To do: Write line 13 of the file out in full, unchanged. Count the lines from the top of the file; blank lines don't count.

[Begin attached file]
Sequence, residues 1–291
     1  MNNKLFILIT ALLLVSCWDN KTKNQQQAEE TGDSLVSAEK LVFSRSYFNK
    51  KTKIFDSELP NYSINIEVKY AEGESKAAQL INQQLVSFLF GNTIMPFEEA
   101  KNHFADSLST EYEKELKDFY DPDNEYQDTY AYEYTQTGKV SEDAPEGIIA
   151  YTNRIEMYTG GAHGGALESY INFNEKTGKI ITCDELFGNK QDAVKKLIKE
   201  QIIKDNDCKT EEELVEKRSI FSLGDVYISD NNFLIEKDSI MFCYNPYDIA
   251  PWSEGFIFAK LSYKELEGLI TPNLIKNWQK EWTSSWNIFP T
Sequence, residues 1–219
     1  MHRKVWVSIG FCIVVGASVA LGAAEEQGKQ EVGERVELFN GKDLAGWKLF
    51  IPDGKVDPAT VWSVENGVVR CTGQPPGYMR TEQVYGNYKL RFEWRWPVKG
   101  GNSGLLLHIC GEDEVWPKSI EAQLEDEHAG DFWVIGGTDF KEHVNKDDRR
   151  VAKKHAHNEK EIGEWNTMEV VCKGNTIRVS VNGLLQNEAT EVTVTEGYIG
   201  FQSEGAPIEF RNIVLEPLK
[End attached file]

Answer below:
   201  FQSEGAPIEF RNIVLEPLK